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The Original Influencer

Twenty something, rebellious, and by all accounts, “randy”. A young English poet named George Gordon Byron (“Lord” to all but those who knew him well) swept through the small enclave of Sintra in 1809, penned a few lines of what would become Childe Harold’s Pilgrimage, and sent letters home to friends declaring Sintra the most beautiful place on Earth. Before moving on to other travels. Byron’s attitude to life can be summed up in the expression “live fast, die young” and this set him on his destiny as one of the early “travel influencers” of history.

Byron’s voyages coincided with a tumultuous period in European history during which travel was no small undertaking. The Age of Enlightenment, the first inklings of the Industrial Revolution, and French Revolution all combined to produce shockwaves throughout the monarchies across Europe which led to political upheaval and power grabs, notably the Napoleonic wars of the early 19th century. Out of these events came the cultural response in the form of the Romantic movement, a surge of creativity in the arts and humanities. In the first quarter of the 19th century, Beethoven composed his earth-shaking 9th symphony. Artists such as Goya and Géricault produced their most influential paintings, and writers such as Mary Shelley, Nathaniel Hawthorne, and Alexandre Dumas authored some of the seminal works of western literature such as Frankenstein, the Scarlet Letter, and The Count of Monte Cristo (respectively).

Sintra was where Portugal’s Romantic movement emerged, and Byron’s Grand Tour, a rite of passage for European aristocracy, put Sintra firmly on the map. His visit wasn’t as remarkable for its originality as for what his influence helped propagate – the idealized notions of European travel which in many ways shaped the same travel habits we have today when choosing where to go and what to see. But where once nobles and gentlefolk traveled at a leisurely pace to familiarize themselves with the great artistic movements of the Renaissance and the artefacts of antiquity, we have followed in these footsteps on the hunt to cross off another item from the bucket list on frenzied multi-destination 9-day tours, snapping Instagram shots for the envy of our friends. It’s enough to make you want to weep in your glass of port.

Byron and his relationship to Sintra and Romanticism are on my mind today. I imagine in all his adventures and debauching he never paid Sintra another thought, and he was an early example of a “bad tourist”, learning nothing but the local swear words, seducing local married women, and making cutting remarks about the Portuguese. They hated him for it for years, but today you’d never guess that, what with all the references to Byron, where he slept and ate, everywhere in Sintra, .

Before the pandemic struck, Sintra was arguably the most popular day-trip destination in Portugal, and already showing the symptoms of over tourism and wear. There’s no doubt plenty of people are hoping for a quick return of the crowds and the dollars they bring, and we can’t rail against locals who need to make a living off Sintra’s popularity, all for the sake of having it to ourselves. But we can change the way we visit places like Sintra. Rather than a day trip – why not spend a few nights here? I remember the words of a travel friend who said that if a place isn’t worth spending at least a night in, you could probably skip it. Most people visit for the day (and at the weekend), so staying in the area and during the week will often give you an entirely different impression of Sintra once the bus tours have moved on. Lesser known palaces and sights are dotted around Sintra’s unique forest biosphere, and there’s some great walking to be had, as most of this area is considered Natural Park. The nearby pull of one of Europe’s most unique wine growing regions, and some beautiful stretches of coast, gives you a chance to find the diamonds in the rough, if you’re patient enough to stick around.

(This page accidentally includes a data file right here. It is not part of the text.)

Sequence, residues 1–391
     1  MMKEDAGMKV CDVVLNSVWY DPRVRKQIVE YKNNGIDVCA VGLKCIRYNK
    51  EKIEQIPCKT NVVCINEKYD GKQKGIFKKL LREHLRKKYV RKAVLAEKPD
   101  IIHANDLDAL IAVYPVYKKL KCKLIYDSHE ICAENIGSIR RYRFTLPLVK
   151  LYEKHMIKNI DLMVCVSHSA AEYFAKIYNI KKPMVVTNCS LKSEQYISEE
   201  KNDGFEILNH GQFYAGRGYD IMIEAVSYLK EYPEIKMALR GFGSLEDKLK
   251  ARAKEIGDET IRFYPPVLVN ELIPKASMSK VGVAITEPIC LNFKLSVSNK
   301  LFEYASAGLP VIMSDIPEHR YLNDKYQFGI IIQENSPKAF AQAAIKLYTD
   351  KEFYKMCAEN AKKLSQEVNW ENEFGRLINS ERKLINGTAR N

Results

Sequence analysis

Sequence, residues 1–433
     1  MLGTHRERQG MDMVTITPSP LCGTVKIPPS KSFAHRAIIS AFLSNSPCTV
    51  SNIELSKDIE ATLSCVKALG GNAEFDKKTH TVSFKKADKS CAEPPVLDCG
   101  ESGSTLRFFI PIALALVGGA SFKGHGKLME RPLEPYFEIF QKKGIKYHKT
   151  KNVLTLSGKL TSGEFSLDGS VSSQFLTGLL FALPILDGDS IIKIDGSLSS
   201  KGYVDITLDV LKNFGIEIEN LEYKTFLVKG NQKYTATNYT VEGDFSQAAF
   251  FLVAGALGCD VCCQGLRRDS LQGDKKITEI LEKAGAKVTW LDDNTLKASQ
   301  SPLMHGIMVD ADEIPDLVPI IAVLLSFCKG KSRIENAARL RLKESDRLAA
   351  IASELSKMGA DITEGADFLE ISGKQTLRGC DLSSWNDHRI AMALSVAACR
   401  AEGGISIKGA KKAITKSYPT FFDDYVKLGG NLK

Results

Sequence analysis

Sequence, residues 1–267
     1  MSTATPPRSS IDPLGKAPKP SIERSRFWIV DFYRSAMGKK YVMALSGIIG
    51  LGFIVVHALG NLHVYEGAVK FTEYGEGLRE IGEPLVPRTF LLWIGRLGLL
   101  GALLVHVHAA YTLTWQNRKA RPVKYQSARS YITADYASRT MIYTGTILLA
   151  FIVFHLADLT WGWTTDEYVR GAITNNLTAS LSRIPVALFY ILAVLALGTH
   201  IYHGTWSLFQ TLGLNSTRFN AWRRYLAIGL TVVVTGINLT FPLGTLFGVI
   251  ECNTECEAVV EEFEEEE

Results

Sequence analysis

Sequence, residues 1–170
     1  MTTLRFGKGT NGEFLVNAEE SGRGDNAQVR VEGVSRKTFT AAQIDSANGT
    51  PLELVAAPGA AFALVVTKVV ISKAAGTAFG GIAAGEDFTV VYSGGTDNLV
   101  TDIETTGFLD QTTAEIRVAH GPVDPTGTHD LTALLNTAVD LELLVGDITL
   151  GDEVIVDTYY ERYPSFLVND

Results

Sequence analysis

And while the tendencies of the 21st century seem far removed from Byron’s prose or the loftiness of the Romantic movement, traveling to Sintra with the eyes of a”Romantic” puts into focus certain ideals that will benefit the travel sphere. I see it as a call to resist sameness, a meditation on the five “I”s of Romanticism: Individuality, Imagination, Intuition, Idealism, Inspiration. Travel is the ideal conduit for these aspirations and they intersect among the palaces, forests, monasteries, and hills of Byron’s “Glorious Eden”.

Can you tell Sebastian was a major Humanities nerd in college?  He’s also a die-hard Portugal fan, and would love nothing more than to hear from you about planning a trip.  

We can change the way we visit places like Sintra.

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